With only four weeks left to the opening date of RSA Conference 2016, the IT security industry is gearing up to gather at San Francisco’s Moscone Center where much excitement and months of planning will all come to fruition. Since late last year, the PAN IT security practice group has been strategizing with our clients on the best ways to achieve RSA Conference success.
At the Conference, the security industry will predictably discuss and address today’s most pressing questions about how to fight cyber threats and proactively manage risk. More than 500 vendors will be present and partake in the event. Each vendor will have the opportunity to reach key decision makers. So how do you go about developing a PR strategy that stands out among the rest? Here are some tested PR strategies for RSA Conference success:
RSA Conference presents an opportune time for face-to-face meetings (although they can be a bit rushed) with top security influencers and reporters – and these meetings go a long way to cement positive working relationships.
With more than four days of conference activity and many opportunities to grab a quick coffee, breakfast, lunch, evening cocktail or even schedule a weekend meeting, our team has been working diligently behind the scenes to arrange on-the-show-floor and off-the-show-floor meetings for our clients with media and influencers.
But beforehand, we take the important first step to prioritize the universe of media and influencers and identify those targets that make the most sense to connect our clients with based on the subject matter at hand and the objectives on both sides of the conversation. This way, we architect our approach to media outreach in a way that promotes an impactful meeting for both the reporter/influencer and security vendor executive.
Image from: unsplash.com used under CC license.
The security world is a super social one and your networking efforts should definitely extend beyond the expo hall. With a stacked line-up of popular nighttime events put on by some of the industry’s most prominent vendors and well-attended by media, take time before the show to register and secure your spot – and a spot for one or two of your execs – on the guest list. Go ahead and map out your game plan for which parties and after-hours events to make a priority.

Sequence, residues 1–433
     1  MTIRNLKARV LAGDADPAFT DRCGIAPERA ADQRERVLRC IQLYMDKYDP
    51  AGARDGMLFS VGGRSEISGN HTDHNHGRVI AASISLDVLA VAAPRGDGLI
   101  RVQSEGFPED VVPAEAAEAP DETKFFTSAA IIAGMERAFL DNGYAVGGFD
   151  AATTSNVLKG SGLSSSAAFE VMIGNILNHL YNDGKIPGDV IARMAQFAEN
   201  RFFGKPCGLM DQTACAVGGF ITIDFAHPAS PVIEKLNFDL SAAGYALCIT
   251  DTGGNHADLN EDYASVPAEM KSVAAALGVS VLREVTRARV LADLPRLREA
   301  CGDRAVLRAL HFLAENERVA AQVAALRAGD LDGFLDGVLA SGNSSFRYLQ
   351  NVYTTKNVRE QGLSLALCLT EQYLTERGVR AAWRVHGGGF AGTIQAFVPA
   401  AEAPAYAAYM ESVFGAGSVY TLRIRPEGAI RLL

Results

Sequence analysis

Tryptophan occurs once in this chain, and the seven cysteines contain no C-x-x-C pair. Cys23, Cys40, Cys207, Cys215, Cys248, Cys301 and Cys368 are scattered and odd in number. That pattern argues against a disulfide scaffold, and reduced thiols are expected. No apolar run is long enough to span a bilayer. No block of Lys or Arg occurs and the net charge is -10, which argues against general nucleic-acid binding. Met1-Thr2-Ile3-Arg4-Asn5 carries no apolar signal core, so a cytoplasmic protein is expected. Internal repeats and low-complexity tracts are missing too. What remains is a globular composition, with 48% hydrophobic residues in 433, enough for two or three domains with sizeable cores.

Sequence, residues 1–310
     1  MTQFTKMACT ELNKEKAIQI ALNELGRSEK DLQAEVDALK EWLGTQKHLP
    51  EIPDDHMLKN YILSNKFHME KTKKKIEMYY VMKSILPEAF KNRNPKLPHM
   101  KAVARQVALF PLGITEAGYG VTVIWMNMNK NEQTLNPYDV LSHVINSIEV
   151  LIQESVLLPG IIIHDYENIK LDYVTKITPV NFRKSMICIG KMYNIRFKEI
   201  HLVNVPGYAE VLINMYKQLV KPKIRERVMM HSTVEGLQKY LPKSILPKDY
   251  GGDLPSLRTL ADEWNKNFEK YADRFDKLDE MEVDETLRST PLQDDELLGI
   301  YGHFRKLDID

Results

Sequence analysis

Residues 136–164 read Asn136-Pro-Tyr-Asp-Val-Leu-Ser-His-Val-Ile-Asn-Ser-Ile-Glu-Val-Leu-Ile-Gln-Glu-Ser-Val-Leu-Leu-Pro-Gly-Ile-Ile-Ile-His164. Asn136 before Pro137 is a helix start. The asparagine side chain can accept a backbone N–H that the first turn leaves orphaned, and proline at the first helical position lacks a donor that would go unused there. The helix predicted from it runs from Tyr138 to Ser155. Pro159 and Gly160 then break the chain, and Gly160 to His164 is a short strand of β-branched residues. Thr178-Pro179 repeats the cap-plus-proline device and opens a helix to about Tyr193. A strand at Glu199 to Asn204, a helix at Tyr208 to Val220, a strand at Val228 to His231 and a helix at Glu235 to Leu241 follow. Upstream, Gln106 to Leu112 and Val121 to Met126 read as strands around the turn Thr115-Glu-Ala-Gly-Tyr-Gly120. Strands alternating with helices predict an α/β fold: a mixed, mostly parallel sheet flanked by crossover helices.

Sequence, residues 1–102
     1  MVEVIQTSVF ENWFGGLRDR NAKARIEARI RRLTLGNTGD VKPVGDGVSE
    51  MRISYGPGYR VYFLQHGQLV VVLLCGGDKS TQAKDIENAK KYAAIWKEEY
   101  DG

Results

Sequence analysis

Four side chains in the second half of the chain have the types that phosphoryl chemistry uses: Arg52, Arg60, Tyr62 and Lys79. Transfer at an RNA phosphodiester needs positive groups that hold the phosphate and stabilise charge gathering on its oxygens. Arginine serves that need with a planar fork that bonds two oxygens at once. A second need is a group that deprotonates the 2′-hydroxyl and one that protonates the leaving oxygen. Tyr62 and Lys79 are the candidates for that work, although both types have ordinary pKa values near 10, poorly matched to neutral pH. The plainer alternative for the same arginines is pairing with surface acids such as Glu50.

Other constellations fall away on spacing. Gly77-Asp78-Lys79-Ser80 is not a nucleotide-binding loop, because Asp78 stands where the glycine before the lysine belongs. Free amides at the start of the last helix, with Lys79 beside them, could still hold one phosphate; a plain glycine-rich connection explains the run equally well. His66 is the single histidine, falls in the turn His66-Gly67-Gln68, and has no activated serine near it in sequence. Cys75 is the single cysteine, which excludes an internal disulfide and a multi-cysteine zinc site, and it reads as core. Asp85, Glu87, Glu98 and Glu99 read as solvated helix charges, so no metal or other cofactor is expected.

Once there, take time to mingle with media in attendance. When approaching reporters, be mindful of their time. As a general rule of thumb, make sure executives are fully prepped on industry trends, research, data and upcoming news to make the best impression – but in a party setting, don’t overwhelm them with work talk.
If your schedule permits, grab a drink at the W Hotel and you’re bound to find yourself in conversation with many of the journalists you’re looking to make inroads with.
“RSA Conference is the greatest single place where new ideas can grab hold,” states RSA President Amit Yoran.
Together with our clients, we evaluate their news pipeline and make a determination about what type of announcement, if any – whether it’s research-based, data-driven, product, partnership, or perhaps a combination of these – has the weight it takes to hold up against so much competing show noise.
Then we talk timing. Announcing news ahead of the event can help attract early attention and carry momentum into Conference week, while in other cases it may make sense to announce news during Conference week (often times with an advance look offered to reporters beforehand). Yet other times it may work in your favor to preview your news with media during those RSA Conference face-to-face meetings and then make your announcement post-show.
As PAN VP Tiffany Darmetko mentioned last year, “News is one of the biggest drivers of media interest at a tradeshow.” Whether you’re aiming to insert your company into the security industry conversation or better yet “steal the show,” with only four weeks left, your launch plan should be in place to grab some of that coveted RSA Conference spotlight.
Research matters big time to security media folks. From vulnerability disclosures to other types of intel on the latest threats, the media is hungry for data-driven insights.
In a conservation between PAN’s Tiffany Darmetko and Dark Reading’s Tim Wilson, Tim talks about how reporters are not only interested in hearing about attack trends, but also “looking for new data that shows that a particular type of defense is really working.”
Look now at your assets and determine if you have access to any type of data that can be leveraged for media use.
Marketers well know the importance of incorporating a smart social strategy into their efforts. The same holds true for social support around specific events like RSA Conference. Whether they’re onsite at the Moscone Center or not, the security industry will be following along online by tuning in to live-streaming keynotes, on-demand sessions and the most active Twitter conversation.
Here are three Twitter tips for RSA Conference courtesy of my PAN colleague Tiffany and originally posted here:
As a side note to our readers, PAN will be posting near real-time updates to our blog and Twitter on RSA Conference 2016 happenings. We invite you to follow along.
See you soon in San Francisco! If you’d like to meet up at RSA Conference, just drop us a line.